Watch this space: stars of the PAD fair

view gallery VIEW GALLERY

As international design fair PAD descends on London, three of the UK’s brightest new talents invite Holly Williams into the studios where they find their inspiration

This is the sixth year that the rather swanky PAD London fair has hit our capital – and for 2012, a new prize, with Moët Hennessy as patron, identifies five young designers under 35, working in the UK, whose work is particularly creative and inventive.

All the nominees will exhibit at the Mayfair show, and the winner will be decided by a jury, which features luminaries including Zaha Hadid, Tom Dixon and Jasper Conran, on 8 October.

“It’s very important that PAD reflects the freshest and most talented people in the design world,” says the jury’s president, the architect and designer Nigel Coates. “Normally PAD is able to show work only if a gallery picks it up – we thought this would feed a new level of talent into the fair.”

Those on the shortlist are certainly inventive: alongside those profiled here, there’s Kieren Jones, who crafts eggcups out of the ground-up bones of neighbour’s chickens (“It’s not as macabre as it sounds,” he insists), and Yuri Suzuki’s sound art installation, featuring a globeshaped vinyl record player. All seem concerned not just with the product, but in the experience it facilitates, the environment it exists within, or the making process itself. “Most, if not all, have a storytelling approach,” says Coates, “which is a broader phenomenon among [young] designers.”

Lola Lely, 33

As a final project for her MA in Design Products, Lely created a “fictitious community restaurant”. She persuaded strangers to come into the Royal College of Art and sit on portable stools, before she wheeled out a tall stack of pots, full of food. This was the “Potluck Restaurant”, and she’s creating a new version for PAD.

Lely, born in Vietnam but brought up in London, explains: “When we moved to Hackney, the way [my family] integrated into the community was this convivial culture they brought from Vietnam. My grandmother used to knock on her neighbours’ doors and bring food over.” The restaurant is Lely’s attempt to recreate that spirit through shared engagement with first food, and then each others’ stories. “All the objects I designed were devices to get people to interact. Everything is about getting involved; the spoons are very long, so it’s more comfortable to serve others.”

Collective experience is all well and good, but after graduating, Lely realised making furniture at home wasn’t going to please her housemates; now she has a studio space in Haggerston, east London. She can drill, saw and sand out in the yard; inside, moodboards of mounted materials provide inspiration. It ought to help with work-life balance, but Lely just can’t keep away: “I’m here seven days a week and I don’t leave till midnight. If there was a bed I’d probably sleep here.”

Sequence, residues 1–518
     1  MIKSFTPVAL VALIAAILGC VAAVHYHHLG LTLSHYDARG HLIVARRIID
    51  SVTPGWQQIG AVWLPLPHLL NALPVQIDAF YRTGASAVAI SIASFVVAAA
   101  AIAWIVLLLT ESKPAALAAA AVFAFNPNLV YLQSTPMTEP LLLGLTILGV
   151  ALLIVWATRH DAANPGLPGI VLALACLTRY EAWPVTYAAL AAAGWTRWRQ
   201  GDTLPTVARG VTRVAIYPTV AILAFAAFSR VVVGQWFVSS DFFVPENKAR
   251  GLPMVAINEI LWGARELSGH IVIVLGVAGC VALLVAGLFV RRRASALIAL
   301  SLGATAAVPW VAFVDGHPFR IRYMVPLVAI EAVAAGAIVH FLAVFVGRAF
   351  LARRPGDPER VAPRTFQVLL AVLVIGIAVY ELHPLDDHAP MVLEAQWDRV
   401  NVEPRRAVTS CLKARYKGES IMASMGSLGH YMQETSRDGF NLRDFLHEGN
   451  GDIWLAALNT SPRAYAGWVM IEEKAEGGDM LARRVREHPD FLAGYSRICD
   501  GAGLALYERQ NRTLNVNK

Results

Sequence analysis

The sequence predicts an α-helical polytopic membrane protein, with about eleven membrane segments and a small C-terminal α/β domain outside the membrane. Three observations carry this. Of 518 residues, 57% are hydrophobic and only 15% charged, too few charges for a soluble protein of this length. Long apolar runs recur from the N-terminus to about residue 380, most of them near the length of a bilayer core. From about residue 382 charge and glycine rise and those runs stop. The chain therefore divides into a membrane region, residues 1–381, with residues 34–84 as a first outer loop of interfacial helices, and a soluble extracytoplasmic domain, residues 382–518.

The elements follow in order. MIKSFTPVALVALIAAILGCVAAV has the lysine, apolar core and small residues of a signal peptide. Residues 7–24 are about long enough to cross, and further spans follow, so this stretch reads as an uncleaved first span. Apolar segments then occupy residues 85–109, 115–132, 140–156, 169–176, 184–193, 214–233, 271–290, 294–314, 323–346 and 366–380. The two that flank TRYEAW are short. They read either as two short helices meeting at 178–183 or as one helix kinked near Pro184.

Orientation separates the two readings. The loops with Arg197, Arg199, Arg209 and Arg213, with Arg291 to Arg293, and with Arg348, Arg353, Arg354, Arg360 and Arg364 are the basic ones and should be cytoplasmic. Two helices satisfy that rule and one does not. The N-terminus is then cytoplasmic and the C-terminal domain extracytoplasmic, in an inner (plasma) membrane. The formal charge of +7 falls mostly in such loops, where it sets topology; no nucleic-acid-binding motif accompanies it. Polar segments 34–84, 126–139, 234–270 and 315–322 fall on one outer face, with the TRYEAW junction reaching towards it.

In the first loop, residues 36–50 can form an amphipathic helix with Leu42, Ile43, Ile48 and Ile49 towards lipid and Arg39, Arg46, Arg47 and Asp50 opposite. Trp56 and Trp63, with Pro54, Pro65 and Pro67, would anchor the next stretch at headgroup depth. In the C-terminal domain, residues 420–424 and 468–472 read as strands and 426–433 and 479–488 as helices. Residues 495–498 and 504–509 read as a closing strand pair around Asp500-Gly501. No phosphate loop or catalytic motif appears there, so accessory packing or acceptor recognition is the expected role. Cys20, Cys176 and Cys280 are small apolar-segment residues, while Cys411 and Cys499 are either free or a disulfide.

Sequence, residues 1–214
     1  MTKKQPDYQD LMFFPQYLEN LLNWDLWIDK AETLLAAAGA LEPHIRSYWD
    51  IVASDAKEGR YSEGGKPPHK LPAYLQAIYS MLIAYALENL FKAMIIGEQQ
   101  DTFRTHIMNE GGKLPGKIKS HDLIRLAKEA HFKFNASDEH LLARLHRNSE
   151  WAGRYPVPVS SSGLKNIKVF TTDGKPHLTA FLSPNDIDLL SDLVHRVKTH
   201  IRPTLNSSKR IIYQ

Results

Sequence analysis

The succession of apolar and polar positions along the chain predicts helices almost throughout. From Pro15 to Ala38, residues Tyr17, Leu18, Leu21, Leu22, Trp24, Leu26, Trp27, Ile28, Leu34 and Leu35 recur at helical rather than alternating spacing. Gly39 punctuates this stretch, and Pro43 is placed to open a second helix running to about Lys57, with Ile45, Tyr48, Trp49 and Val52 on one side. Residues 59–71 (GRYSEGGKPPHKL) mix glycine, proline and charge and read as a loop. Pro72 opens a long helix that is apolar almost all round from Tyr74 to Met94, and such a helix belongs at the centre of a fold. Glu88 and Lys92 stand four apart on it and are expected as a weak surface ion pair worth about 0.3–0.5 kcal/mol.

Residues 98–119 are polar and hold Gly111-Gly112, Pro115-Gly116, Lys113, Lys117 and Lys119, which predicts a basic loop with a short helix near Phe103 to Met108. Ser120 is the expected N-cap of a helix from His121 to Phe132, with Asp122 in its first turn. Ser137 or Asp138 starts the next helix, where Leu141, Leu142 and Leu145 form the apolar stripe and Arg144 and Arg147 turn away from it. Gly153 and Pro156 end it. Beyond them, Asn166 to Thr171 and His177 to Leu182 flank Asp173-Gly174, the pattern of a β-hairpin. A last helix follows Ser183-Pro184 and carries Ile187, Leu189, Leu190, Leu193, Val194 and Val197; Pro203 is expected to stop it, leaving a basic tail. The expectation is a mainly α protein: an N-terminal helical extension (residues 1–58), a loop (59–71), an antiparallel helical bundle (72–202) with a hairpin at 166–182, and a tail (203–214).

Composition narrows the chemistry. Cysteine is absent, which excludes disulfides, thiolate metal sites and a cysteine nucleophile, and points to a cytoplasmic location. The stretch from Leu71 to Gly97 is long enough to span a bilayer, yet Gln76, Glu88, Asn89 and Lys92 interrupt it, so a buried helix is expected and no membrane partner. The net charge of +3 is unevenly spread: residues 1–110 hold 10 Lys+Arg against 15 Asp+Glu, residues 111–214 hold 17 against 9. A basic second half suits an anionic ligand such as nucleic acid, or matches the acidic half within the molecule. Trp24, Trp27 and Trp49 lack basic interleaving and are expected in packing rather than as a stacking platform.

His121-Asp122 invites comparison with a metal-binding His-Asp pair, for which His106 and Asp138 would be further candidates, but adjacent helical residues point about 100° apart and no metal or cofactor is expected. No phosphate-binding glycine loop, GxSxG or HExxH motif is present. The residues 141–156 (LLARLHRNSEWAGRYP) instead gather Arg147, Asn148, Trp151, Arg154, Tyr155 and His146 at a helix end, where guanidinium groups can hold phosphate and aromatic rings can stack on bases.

Will Shannon, 31

Will Shannon doesn’t just want to make a nice piece of furniture; “I’m also interested in where and how we get things made,” he says. Although he often exhibits these processes alongside the product – creating a portable potter’s hut with a working kiln, or a mobile Cabinet Maker, a bike with tools for constructing papier-mâché furniture – he also has his own workshop in Dalston. “It is a friend’s garden shed, but I like the man-in-the-shed vibe.”

At PAD, he’s exhibiting his Lunar Table, which is, he says, “basically found, leftover concrete dyed black for a table-top, with papier-mâché legs to make it look as though it has been carved from rock.” Illuminating it will be his pendant light – inspired by the location he sources its materials from. As planning restrictions prevent people in some areas of north London from building extensions, he explains, “A lot of people go down, digging out posh basements.”

This means excavating the London clay beds – and the clay that gets dug and dumped in a skip is, for Shannon, a material ripe for reinvention. “Locally sourced” may be the ultimate buzzphrase, but Shannon is interested in what exactly it means if you live in a city like London: “It is mainly the found, discarded, unwanted – old furniture left on street corners, or old materials.”

Kim Thome, 31

When photographed, what is most immediately eye-catching about Kim Thome’s Reflection range are those neon colours. But Thome insists he is “definitely not nu-rave” – they’re serving a functional purpose, highlighting his main material: semi-reflective, two-way glass. “Two-way mirrors and smoked glass creates two spaces, behind and the front, which made me want to play around with quite strong graphics, bringing them together in the space which [is] the reflection. This material makes you question what you’re seeing.”

At PAD he is exhibiting a table, mirror and a shelf, but these individual pieces grew out of an installation at Shopwork, a gallery in Peckham, south London. “It was really looking at interiors and spaces and our environment,” he says. “I’m excited about installations, not it just being an object or product; you broaden out and fill the space.”